Consider a street in Amsterdam with narrow three-and-four-story buildings topped with gabled roofs and baroque sculpted curlicues. Now paint them in a rainbow of luscious tropical colors, add galleries with shuttered arches, and transplant the whole strip into the Caribbean. What you have is picturesque Punda, the oldest district in historic Willemstad, the capital of Curaçao, writes Christine Davis in her recent blog post Curaçao: Rebuild it and the tourists will come.
Façades in terracotta, turquoise, lime green, grapefruit, mellow yellow and flamingo pink, trimmed out like gingerbread and crowned with red-tile roofs, all reflected in the sparkling waters of Santa Anna Bay, there’s nothing like this visual treat anywhere. Christine toured Willemstad with guide and (carnival costume) designer extraordinaire Maja Atalita-Vervuurt (#769 on our list!) who taught her about Governor Albert Kikkert and his famous migraine headaches (#790).
See, when Kikkert was appointed Governor of Curaçao, Aruba and Bonaire in 1816, his first order of business came from his doctor: Curaçao’s equatorial sun reflecting so heavily on the white houses in Willemstad was giving Kikkert migraine headaches distracting his duties as Governor. So Kikkert mandated Willemstad dwellers to ‘paint the town’. Building owners made their way to the only paint factory on the island and picked out gallons upon gallons of their favorite pastel color, the more colors the merrier…! [A few years later — well after Kikkert’s passing in 1819 — it was discovered that he also owned (many!) shares in the paint factory…]
Christine decides to dig a little deeper into Willemstad’s Colonial architecture by taking a walking tour with well-known Curaçao architect Anko van der Woude. (great tour for locals and tourists alike!)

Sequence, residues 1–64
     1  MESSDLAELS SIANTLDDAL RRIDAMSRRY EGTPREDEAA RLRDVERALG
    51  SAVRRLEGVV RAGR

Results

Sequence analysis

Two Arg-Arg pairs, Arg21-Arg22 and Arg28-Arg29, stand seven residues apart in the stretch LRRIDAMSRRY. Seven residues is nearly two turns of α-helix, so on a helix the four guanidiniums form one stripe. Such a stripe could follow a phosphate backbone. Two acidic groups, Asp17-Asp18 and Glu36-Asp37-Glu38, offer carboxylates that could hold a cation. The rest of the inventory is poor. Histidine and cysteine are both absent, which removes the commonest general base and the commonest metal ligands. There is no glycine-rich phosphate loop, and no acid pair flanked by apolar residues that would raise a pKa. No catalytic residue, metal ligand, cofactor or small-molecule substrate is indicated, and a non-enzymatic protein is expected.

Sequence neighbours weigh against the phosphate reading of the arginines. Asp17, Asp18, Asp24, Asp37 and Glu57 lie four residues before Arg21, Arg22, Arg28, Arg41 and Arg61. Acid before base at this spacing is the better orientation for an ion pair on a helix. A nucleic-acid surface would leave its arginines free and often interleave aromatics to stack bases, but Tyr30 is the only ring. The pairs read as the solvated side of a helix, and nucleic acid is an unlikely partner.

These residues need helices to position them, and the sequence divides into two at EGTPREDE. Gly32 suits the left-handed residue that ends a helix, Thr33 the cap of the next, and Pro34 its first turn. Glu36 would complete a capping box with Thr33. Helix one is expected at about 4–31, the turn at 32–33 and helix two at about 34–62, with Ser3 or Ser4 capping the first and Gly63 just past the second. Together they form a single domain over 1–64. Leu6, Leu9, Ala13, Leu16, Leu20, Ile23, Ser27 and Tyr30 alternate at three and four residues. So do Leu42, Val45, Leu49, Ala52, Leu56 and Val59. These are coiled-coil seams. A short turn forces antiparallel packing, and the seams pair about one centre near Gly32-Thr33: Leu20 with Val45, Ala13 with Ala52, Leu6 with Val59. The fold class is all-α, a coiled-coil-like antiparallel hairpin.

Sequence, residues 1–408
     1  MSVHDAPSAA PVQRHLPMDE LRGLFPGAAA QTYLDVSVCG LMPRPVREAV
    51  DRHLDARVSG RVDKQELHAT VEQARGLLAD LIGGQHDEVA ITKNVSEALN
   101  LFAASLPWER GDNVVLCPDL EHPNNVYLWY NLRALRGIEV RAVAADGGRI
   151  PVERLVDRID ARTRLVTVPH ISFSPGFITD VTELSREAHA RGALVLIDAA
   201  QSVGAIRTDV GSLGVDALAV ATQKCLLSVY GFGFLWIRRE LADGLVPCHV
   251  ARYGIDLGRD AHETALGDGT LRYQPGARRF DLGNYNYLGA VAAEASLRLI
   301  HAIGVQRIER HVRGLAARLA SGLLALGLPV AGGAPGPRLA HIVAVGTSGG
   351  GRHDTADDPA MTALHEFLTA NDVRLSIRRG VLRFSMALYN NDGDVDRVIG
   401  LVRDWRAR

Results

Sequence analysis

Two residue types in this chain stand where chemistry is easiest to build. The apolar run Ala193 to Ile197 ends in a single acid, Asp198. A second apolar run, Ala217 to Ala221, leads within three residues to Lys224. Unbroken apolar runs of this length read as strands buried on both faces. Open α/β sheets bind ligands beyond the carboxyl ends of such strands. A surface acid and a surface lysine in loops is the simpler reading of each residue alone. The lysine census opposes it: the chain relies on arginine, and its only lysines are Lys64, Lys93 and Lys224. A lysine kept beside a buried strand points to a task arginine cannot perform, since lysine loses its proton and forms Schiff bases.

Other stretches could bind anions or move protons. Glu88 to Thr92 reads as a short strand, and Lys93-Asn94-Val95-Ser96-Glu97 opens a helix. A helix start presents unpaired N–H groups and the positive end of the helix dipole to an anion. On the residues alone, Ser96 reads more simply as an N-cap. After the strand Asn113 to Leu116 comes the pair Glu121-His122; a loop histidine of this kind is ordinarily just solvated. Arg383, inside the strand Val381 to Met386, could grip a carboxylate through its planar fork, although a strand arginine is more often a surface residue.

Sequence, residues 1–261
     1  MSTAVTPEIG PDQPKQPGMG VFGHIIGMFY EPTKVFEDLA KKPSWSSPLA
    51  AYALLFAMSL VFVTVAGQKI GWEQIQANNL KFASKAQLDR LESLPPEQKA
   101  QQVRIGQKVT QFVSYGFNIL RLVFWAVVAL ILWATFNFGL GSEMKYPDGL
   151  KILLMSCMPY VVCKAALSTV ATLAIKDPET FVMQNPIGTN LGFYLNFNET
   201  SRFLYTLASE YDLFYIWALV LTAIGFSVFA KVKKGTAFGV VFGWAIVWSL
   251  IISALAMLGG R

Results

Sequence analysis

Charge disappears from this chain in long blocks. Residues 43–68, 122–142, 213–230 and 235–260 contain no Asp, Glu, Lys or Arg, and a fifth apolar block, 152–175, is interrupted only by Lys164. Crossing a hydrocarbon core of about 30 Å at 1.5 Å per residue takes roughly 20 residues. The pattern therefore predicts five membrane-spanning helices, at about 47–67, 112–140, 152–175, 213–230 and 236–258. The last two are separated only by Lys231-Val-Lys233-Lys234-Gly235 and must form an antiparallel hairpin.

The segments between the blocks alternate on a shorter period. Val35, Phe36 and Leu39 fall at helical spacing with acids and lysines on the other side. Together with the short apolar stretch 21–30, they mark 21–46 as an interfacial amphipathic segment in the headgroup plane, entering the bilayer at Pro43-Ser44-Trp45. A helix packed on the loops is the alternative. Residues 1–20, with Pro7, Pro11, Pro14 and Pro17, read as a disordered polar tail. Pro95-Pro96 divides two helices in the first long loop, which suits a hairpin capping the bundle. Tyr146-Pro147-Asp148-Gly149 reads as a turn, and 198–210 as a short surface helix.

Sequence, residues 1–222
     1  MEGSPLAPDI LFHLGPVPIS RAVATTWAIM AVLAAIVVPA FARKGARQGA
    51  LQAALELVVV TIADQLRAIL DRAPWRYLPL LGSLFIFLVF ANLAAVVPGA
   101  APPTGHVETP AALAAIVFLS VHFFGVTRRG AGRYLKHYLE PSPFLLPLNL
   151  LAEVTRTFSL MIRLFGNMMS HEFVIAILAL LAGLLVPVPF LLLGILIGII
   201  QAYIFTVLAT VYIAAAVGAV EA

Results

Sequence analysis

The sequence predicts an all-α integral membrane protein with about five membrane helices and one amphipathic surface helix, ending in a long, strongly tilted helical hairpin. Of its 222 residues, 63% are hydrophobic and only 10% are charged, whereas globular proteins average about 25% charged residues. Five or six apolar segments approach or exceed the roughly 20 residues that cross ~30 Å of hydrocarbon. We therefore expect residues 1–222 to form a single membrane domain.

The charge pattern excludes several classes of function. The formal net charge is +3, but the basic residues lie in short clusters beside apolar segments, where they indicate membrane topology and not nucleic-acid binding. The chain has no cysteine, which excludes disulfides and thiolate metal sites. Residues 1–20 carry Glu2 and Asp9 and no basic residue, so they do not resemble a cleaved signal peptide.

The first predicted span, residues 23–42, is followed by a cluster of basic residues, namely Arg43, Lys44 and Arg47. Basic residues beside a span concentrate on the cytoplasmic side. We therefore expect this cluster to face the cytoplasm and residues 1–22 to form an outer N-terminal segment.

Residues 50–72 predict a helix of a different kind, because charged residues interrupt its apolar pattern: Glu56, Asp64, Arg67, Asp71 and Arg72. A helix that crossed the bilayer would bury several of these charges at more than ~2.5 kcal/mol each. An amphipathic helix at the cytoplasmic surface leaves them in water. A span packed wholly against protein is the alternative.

Though Curaçao was discovered by Spaniard Alonso de Ojeda in 1499, the Dutch took over in 1634 and capitalized on its natural harbor in a serious way. The Dutch West India Company transformed Willemstad into a transshipment point for West African slaves and hosted merchant ships from all over the world. Punda, Otrobanda, Pietermaai, Scharloo create a unique collection of European colonial structures that depict 300 years of multi-cultural evolution. But it took half that time — 150 years! — for Curaçao’s Colonial Dutch architecture to adapt to its new tropical climate. Consider the Penha building (1708) in Punda, widely considered the most famous building in Willemstad (perhaps also the most famous colonial building in the Caribbean!):
Its baroque curls carved in stone can be traced back to Amsterdam, but local builders decided to copy the style in lime plaster. Since clay is plentiful in the Netherlands, bricks were widely used as a building material. In fact, in the 17th and 18th centuries brick was even shipped to Curaçao for building purposes (!) Eventually builders ‘localized’ by replacing brick with coral stone — and since coral is porous they added a layer of plaster.
While sash windows worked fine in the Netherlands, they were impractical in Curaçao. Over time, to keep the sun out and let breezes in, galleries with archways were added on the front and back façades. Louvered shutters were added within the arches to lock out the rain, which blew horizontally because of the trade winds. By 1720, arches gave way to wooden lintels, which were easier to build.
“The plaster, galleries and shuttered windows makes Curaçao architecture completely different from The Netherlands.” – Anko van der Woude
Can you think of other elements of ‘typical’ Curaçao architecture?